Arthur's Law

Arthur's First Law

High-tech markets are dominated 70-80% by a single player—product, company, or country.

The reason: Such markets are subject to increasing returns or self-reinforcing mechanisms. Therefore an initial advantage—often bestowed by chance—leads to increasing advantage and eventually heavy market domination. (Absent government intervention, of course).

Arthur's Second Law

As technology advances it becomes ever more biological.

We are leaving an age of mechanistic, fixed-design technologies, and entering an age of metabolic, self-reorganizing technologies. In this sense, as technology becomes more advanced it becomes more organic—therefore more "biological." Further, as biological mechanisms at the cellular and DNA levels become better understood, they become harnessed and co-opted as technologies. In this century, biology and technology will therefore intertwine.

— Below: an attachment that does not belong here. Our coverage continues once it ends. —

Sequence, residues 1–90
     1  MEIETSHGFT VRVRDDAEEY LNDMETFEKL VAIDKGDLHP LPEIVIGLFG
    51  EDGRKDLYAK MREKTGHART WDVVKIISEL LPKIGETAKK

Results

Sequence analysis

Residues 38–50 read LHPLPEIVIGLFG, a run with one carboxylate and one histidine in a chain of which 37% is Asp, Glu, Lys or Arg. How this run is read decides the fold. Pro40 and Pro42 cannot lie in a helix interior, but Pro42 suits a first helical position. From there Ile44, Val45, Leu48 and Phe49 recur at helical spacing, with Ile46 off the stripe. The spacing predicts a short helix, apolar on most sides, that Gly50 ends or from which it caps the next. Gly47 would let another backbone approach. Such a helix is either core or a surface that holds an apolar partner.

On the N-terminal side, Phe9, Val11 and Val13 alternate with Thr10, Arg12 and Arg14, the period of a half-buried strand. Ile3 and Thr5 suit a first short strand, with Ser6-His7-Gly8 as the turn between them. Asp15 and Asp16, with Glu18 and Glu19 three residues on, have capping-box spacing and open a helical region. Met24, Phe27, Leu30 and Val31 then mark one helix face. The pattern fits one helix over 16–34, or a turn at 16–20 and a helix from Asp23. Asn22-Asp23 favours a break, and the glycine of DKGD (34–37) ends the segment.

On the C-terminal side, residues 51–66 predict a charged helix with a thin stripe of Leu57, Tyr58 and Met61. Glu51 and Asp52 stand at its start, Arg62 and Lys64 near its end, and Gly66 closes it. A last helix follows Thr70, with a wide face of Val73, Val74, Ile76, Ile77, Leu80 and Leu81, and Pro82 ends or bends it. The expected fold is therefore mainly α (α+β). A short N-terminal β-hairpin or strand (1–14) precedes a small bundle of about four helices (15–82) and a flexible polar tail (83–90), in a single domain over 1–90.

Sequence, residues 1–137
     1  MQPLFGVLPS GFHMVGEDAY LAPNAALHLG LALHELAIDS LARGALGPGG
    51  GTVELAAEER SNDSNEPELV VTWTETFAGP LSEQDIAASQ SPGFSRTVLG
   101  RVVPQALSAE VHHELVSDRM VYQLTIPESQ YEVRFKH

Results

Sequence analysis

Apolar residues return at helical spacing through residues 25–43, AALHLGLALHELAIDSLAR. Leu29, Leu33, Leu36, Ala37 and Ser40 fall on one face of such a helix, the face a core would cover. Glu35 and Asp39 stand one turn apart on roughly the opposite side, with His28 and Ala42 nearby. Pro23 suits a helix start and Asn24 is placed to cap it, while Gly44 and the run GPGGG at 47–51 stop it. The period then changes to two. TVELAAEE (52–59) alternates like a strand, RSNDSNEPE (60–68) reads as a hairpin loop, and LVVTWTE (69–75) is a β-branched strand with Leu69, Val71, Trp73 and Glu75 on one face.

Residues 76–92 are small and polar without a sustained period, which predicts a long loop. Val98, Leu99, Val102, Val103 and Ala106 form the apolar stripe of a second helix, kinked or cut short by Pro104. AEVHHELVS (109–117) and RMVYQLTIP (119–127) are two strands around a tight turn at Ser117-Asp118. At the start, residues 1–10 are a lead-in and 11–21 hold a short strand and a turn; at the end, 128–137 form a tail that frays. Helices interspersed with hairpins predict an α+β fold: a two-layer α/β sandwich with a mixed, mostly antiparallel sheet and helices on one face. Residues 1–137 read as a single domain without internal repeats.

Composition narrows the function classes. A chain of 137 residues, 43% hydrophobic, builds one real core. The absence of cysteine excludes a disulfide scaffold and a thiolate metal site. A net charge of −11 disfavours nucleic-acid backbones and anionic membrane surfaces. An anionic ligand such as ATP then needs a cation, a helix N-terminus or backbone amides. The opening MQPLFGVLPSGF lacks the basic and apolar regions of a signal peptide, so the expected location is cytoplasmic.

Arthur's Third Law

The modularization of technologies increases with the extent of the market.

Just as it pays to create a specialized worker if there is sufficient volume of throughput to occupy that specialty, it pays to create a standard prefabricated assembly, or module, if its function recurs in many instances. Modularity therefore is to a technological economy what the division of labor is to a manufacturing one—it increases as the economy expands.